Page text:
After Sunday’s referendum, in which 97 percent “voted” for annexation, the loss of only Crimea (whether formalized or de facto) might appear like a victory to the Ukrainian government and its supporters. Likewise, given fears of a full-scale Russian invasion of Ukraine, radical autonomy in the eastern regions might seem like a relief, even though it would give Russia guaranteed influence over Ukrainian politics. Even a commitment that Ukraine will not seek to join NATO (most likely to be made privately) would seem acceptable under the new normal.

One danger of this strategy is that by getting too close to the brink, the players may accidentally fall over it. And Putin is indeed getting close. Busing Russian nationalists to fake rallies in eastern Ukraine and stirring up primal fears about Ukraine’s government risks unleashing forces outside of his control. It is easy to envision scenarios in which violent street clashes trigger mobilization by Ukrainian or Russian forces to protect “their” side, which could inadvertently result in armed conflict that no one wanted. But this is precisely the point: The risk of unintended escalation gives Putin a stronger hand.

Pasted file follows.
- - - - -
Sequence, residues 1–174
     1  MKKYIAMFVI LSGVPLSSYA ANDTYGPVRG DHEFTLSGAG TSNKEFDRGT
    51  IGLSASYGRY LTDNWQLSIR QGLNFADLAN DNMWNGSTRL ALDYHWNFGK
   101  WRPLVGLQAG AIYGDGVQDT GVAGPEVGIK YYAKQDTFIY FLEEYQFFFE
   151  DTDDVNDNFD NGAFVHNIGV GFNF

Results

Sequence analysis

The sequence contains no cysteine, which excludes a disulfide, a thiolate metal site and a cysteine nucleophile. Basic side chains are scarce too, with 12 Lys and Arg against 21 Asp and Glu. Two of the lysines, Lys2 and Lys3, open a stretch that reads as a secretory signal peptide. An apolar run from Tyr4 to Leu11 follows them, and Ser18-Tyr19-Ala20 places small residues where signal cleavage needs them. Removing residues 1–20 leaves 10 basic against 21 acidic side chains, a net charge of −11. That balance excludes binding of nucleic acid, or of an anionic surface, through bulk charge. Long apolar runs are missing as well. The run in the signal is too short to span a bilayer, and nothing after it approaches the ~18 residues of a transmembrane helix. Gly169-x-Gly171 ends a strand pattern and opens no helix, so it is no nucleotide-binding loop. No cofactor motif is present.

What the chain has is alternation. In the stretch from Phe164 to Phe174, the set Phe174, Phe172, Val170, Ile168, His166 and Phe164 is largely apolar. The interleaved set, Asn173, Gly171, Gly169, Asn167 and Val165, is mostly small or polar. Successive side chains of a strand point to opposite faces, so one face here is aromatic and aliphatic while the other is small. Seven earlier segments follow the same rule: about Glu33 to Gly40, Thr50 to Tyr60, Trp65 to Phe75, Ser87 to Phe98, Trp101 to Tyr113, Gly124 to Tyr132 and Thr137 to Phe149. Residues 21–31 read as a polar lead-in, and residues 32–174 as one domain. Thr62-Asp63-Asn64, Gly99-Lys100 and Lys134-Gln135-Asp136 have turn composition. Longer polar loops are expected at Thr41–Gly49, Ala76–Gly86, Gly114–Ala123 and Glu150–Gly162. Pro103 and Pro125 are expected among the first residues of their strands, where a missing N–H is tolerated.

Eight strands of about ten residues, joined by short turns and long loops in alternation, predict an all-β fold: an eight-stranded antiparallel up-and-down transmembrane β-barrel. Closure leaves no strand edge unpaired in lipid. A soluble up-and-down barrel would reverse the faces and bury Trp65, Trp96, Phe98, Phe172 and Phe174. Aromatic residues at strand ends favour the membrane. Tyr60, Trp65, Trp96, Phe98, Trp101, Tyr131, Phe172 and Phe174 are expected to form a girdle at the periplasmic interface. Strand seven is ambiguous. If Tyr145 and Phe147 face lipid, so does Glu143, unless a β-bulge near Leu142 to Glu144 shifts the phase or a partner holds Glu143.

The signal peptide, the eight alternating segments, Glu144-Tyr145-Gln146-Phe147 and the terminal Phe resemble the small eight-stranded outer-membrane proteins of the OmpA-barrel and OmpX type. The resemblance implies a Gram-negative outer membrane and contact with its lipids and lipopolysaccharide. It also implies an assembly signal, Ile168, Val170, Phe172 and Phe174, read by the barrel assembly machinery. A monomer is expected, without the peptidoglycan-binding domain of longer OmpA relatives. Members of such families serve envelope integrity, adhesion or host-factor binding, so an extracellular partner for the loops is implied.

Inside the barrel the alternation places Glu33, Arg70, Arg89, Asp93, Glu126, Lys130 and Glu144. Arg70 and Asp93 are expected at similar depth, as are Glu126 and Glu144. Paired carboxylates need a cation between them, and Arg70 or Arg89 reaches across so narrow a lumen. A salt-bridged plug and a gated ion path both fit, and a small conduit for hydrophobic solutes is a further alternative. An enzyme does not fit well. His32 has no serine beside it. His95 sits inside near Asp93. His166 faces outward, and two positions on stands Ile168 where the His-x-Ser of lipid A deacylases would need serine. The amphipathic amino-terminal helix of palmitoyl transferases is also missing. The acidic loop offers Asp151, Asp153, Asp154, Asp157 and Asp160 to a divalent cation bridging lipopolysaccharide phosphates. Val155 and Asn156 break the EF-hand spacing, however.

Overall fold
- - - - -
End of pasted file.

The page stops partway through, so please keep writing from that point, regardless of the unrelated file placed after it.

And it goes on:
No one knows if Putin has been stoking Western anxieties and manufacturing craziness as part of a deliberate, orchestrated campaign. He has probably been improvising for much of the last three weeks. It is also likely that he receives bad advice and his perceptions of events are extremely biased. But given all the breathless claims about what may be going on inside the president’s deranged head, it is worth considering that Putin may be fully aware of just how crazy he seems.

Scott Radnitz is an associate professor at the Henry M. Jackson School of International Studies and the director of the Ellison Center for Russian, East European, and Central Asian Studies at the University of Washington.